The federal government is trying to undo the ruling that blocked the TikTok ban

It never ends, does it.

NurPhoto/NurPhoto/Getty Images

TikTok's woes won't end anytime soon. According to The New York Times, the federal government is attempting to lift a ruling originally placed by judge Carl Nichols in the United States District Court for the District of Columbia, which prevented the Donald Trump administration from banning TikTok. The Department of Justice argues in the United States Court of Appeals for the D.C. Circuit that this preliminary injunction would be removed.

So far, neither team — TikTok or the Justice Department — has commented on the report, but it reflects the ongoing and rather tedious nature of the quarrel between ByteDance and the Trump regime.

The background — The White House has argued that the Chinese government has the ability to use TikTok as a surveillance device into the United States and potentially compromise national security. In response, ByteDance initially attempted to create a more neutral and politically removed image by showing interest in giving Oracle or Walmart some degree of control over its business operations in the United States. But that didn't take too long to crumble.

Later on, ByteDance announced that TikTok Global will be a fully owned subsidiary. That announcement came after officials within the Trump administration cited concerns with the ByteDance announcement regarding Oracle.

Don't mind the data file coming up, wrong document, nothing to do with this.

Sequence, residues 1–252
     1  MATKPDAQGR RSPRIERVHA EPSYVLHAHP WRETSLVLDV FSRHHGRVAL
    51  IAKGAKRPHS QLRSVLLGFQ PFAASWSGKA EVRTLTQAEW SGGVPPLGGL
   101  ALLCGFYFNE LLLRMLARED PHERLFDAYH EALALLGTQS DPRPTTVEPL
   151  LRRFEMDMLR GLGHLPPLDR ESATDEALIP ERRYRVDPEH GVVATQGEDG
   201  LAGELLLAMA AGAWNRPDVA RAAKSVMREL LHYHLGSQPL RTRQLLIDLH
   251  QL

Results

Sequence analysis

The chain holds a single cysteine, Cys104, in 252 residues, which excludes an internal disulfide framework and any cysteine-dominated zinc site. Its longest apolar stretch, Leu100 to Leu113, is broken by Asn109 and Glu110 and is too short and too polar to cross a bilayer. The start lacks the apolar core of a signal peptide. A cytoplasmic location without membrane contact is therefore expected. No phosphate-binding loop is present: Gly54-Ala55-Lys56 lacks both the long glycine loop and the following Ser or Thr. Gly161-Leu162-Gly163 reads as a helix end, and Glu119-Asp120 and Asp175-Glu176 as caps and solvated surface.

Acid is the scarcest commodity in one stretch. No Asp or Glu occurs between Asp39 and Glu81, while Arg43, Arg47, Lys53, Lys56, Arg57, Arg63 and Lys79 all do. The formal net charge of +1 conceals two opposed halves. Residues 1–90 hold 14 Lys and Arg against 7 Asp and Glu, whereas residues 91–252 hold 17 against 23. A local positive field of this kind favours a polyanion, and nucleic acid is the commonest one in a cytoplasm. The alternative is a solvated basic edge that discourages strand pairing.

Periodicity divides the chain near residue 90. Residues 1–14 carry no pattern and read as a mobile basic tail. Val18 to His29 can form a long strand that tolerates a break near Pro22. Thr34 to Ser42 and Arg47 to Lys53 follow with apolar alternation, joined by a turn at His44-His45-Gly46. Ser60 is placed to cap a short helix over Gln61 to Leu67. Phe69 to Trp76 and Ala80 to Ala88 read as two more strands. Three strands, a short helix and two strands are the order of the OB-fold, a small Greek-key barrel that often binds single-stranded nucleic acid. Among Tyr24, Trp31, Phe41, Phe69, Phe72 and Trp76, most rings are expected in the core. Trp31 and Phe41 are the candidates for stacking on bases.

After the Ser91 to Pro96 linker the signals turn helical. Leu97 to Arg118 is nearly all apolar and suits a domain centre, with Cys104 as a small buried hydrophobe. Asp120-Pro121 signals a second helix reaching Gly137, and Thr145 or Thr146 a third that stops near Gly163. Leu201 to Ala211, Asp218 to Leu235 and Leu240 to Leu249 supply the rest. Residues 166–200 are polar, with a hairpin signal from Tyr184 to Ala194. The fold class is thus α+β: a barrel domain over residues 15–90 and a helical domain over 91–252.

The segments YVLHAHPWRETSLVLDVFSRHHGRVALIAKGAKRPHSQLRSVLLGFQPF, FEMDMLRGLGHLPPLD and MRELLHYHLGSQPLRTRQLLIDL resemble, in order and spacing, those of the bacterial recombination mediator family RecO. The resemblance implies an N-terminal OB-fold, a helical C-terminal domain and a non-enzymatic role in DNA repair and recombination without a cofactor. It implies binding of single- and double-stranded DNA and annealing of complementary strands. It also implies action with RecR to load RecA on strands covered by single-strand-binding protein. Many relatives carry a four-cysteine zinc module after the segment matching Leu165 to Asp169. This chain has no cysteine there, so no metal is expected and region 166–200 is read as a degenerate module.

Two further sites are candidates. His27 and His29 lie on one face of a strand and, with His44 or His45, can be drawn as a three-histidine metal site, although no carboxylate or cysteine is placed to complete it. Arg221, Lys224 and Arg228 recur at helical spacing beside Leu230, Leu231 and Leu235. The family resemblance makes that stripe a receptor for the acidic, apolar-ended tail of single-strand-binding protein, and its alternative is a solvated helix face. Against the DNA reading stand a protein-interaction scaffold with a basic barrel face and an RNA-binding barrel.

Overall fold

Enough already — Originally, TikTok filed this injunction in the District Court for the District of Columbia in September, arguing that a full ban on its short-form viral video app would result in devastating business loss. In its request, the company goes as far as to say that it made extraordinary efforts to try to satisfy the government’s ever-shifting demands and purported national security concerns," according to The New York Times.

The company said that the government did not have ample justification for banning the app. "There is simply no genuine emergency here that would justify the government’s precipitous actions," the official filing read, per The New York Times. "And there is no plausible reason to insist the prohibitions be enforced immediately."

In order for the federal government to win this appeal, it will have to provide clarity in its argument against TikTok, including demonstrating to the judge that TikTok poses a unique threat as opposed to the constant and banal data collection that apps within the United States already do. The government will have to convince the judge that the ban is fair and justified, and not based on Trump's vendetta against everything related to China. If it can do that — a very big if — then TikTok better have a counter-response ready.